Qualitative vs Quantitative Research: Which to Use?

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Regardless of the subject of your study, you have just two types of research to choose from: qualitative and quantitative.

Your knowledge of your research area and respondents will determine the right type of research for you. Most people will need a combination of the two to get the most accurate data.

When and How to Use Qualitative Research

Qualitative research is by definition exploratory. We use it when we don’t know what to expect. It helps define the problem or develop an approach to the problem.

We also use it to go deeper into issues of interest and explore nuances related to the problem at hand. Common data collection methods used in qualitative research are:

  • Focus groups
  • Triads
  • Dyads
  • In-depth interviews
  • Uninterrupted observation
  • Bulletin boards
  • Ethnographic participation/observation.

The Best Times for Quantitative Research

Quantitative research is conclusive in its purpose. It tries to quantify a problem and understand how prevalent it is. It looks for projectable results to a larger population.

For this type of study we collect data through:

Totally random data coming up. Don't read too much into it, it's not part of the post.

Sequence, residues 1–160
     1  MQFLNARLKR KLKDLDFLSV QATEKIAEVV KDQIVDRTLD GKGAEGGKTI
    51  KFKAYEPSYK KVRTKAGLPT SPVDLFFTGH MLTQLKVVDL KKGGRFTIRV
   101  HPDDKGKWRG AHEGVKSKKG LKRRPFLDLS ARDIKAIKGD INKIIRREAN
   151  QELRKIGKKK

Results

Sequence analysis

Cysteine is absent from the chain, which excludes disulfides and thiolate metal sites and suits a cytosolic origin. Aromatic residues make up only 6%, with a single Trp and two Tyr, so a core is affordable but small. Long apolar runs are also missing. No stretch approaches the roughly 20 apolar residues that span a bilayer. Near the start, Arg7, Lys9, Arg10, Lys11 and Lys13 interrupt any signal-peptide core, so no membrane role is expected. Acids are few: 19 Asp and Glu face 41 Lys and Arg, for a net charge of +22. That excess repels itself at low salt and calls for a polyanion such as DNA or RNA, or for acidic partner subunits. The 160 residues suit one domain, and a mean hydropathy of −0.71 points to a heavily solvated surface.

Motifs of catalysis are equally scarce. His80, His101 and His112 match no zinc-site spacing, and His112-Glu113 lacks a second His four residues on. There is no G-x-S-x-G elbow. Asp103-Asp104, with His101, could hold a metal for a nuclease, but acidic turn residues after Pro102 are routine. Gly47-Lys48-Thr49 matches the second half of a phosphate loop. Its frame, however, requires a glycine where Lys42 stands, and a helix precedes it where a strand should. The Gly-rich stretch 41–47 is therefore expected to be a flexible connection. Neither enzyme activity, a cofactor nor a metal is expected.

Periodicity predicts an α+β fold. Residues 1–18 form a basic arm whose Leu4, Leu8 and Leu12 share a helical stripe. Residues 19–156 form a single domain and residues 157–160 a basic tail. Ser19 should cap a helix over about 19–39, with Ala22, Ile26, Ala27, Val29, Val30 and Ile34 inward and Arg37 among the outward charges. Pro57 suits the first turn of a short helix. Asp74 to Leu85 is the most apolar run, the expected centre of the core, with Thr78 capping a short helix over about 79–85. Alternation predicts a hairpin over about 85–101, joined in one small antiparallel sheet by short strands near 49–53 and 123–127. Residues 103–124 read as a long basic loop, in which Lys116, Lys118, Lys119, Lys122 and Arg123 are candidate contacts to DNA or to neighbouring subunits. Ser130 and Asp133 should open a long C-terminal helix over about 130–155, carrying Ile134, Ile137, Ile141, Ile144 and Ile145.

• Surveys (online, phone, paper)
  • Audits
  • Points of purchase (purchase transactions)
  • Click-streams.

Guidelines For Using Both Types of Research

Ideally, if the budget allows, we should use both qualitative and quantitative research. They provide different perspectives and usually complement each other.

Advanced survey software should give you the option to integrate video and chat sessions with your surveys. This can provide you with the best of both quantitative and qualitative research.

This methodological approach is a cost-effective alternative to the combination of in-person focus groups and a separate quantitative study.

It allows us to save on facility rental, recruitment costs, incentives, and travel usually associated with focus groups. Clients can still monitor the sessions remotely from the convenience of their desktops. They can also ask questions to respondents through the moderator.

If you still want to go with traditional methods, and if you can only afford one or the other, make sure you select the approach that best fits the research objectives. Be aware of its caveats as well.

Never assume that conducting additional focus groups can replace quantitative research. Also, don’t assume that a lengthy survey will provide all the nuanced information obtainable through qualitative research methods.

For a more detailed guide on the best way to ask quantitative questions, check out our article on New Ways to Ask Quantitative Research Questions.

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